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  1. #121
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    No
    Don't like me?

    Go have a seat with the rest of the putas waiting for me to give a flying fk.

  2. #122
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    BW

  3. #123
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    Horse walks into a bar.

    Bartender says, "WHY THE LONG FACE?"
    --DEUS CARITAS EST--
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  4. #124
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    Quote Originally Posted by HILLBILLYBLACK View Post
    In my opinion, you can partly blame the UC system for the state of agriculture in Cali. Back in the 60s and 70s they started getting up in everyone's business about how to run their farms, and that whole "Better Living Through Chemistry" thing they had going on, so people could grow MORE MORE MORE on less land, and not rotate their crops, and get those oh so lovely Monsanto seeds in there so you always have to buy new seeds each year and can't preserve any of your own. If it weren't for the UC knuckleheads out their in their white coats and clipboards telling people how to farm... people who had been farming for countless generations, California and the rest of the farmers of this country would have been a lot better off. UC was all about getting the agribusinesses in there and running family farms out of business and off the land. It happened all across the country. Now we're paying the piper for all that insane song and dance.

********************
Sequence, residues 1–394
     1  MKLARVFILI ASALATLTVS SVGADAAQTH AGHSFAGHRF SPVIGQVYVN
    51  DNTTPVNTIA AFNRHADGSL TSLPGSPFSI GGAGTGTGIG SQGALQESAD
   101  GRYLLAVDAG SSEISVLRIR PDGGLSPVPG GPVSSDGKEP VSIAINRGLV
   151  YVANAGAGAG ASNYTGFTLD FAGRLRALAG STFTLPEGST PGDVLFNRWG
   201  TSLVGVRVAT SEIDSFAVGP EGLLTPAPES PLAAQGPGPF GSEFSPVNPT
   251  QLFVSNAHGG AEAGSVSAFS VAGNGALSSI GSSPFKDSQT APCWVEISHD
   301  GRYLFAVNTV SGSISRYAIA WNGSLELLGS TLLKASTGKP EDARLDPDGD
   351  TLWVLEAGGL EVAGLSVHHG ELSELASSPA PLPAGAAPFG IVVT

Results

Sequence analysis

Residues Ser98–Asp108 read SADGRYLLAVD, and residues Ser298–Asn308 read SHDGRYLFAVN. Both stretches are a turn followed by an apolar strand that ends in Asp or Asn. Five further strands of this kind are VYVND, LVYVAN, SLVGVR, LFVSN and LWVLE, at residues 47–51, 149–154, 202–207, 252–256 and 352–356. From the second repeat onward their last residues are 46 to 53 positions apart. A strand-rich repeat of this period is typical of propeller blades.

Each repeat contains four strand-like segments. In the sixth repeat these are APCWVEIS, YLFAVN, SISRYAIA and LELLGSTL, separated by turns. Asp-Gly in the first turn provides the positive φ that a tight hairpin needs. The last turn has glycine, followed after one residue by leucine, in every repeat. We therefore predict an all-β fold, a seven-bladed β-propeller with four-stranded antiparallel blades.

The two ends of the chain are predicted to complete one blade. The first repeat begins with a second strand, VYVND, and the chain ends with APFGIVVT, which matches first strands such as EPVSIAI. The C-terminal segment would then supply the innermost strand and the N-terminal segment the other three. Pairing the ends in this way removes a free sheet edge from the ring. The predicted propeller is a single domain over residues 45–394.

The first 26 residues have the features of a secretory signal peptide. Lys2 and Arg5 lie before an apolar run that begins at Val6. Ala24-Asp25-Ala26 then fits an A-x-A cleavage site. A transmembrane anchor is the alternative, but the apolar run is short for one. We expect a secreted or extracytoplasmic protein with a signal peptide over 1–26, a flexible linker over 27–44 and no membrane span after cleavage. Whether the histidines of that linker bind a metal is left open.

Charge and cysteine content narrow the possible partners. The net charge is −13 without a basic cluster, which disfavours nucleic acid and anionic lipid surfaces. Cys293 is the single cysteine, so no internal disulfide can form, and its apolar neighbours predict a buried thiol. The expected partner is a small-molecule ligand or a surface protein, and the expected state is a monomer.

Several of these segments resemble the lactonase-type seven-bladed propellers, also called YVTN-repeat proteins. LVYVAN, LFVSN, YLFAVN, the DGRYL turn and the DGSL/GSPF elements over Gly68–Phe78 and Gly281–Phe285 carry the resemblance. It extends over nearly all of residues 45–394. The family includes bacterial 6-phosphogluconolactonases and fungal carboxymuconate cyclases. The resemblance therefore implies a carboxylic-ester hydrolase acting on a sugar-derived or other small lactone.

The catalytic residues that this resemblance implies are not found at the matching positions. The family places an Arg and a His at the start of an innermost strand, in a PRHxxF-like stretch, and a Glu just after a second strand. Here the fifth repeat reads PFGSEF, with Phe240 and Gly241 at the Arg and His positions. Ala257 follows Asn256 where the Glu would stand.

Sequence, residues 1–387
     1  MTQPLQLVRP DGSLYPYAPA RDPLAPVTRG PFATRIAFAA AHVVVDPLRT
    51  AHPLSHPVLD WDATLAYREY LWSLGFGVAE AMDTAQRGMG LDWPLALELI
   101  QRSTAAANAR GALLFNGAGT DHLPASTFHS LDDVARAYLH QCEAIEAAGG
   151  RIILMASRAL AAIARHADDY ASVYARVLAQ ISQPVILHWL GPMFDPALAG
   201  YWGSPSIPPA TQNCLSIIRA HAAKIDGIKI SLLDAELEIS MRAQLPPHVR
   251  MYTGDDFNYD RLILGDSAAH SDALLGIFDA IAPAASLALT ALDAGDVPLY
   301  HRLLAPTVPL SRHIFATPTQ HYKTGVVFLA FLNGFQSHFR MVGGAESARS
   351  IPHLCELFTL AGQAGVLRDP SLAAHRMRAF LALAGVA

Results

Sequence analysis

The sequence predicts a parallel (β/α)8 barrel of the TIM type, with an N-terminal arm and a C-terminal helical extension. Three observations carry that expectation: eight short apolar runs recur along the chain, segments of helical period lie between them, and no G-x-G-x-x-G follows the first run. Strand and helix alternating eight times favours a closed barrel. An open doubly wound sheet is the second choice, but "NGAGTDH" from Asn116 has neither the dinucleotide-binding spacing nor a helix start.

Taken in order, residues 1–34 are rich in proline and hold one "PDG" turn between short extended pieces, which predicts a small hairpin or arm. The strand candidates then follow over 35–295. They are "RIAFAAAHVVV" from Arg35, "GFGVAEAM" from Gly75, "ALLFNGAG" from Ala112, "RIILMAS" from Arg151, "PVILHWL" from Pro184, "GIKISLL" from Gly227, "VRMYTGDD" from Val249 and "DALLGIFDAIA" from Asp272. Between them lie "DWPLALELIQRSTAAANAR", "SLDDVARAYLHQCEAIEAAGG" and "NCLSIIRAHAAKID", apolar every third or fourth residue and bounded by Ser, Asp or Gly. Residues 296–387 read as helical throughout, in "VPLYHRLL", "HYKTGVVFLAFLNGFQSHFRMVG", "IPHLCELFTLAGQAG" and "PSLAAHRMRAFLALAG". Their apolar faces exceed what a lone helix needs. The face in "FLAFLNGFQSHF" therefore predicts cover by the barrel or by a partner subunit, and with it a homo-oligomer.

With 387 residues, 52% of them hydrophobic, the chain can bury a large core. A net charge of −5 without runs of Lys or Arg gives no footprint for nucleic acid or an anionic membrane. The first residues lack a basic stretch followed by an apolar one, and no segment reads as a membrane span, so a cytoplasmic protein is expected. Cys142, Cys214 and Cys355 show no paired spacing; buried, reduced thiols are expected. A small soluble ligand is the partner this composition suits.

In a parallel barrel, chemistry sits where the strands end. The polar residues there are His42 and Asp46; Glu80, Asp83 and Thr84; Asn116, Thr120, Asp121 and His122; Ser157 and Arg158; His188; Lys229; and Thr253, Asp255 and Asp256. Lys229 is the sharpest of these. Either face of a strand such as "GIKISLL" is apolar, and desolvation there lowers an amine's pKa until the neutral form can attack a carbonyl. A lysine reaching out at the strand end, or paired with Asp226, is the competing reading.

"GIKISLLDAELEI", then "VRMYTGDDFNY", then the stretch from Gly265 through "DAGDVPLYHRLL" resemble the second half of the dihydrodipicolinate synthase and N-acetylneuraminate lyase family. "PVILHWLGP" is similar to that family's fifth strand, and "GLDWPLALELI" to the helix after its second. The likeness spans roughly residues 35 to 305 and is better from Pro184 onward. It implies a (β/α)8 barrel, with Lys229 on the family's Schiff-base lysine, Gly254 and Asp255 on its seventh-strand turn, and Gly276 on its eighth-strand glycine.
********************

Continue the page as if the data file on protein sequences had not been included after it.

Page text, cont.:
Some of those old dudes who worked in the UC system were darn near insane, too. I heard one of 'em PERSONALLY, say the biggest mistake Califonia ever made, was letting "the Mexicans out of the work camps". He said back in the day, they used to make 'em stay in work camps and get trucked back to Mexico as soon as they were done working, and how "back then" they "knew their place". Unreal, man.

    Kinda bull**** too, when in the 80s, they started paying my uncle NOT to grow his soybeans,
    so they could keep the prices up. He had a whole season's work they turned under. He had asked
    'em if he couldn't donate it to help feed cattle or people. Nope, no way. Somethin' about all that
    mess broke somethin' in him. It took away the honor and the decency of his life. I think he farmed
    about two more years after that, and each time it was the same, so he just quit.

    I just wonder how the **** people think we're gonna have any decent food to eat in the future.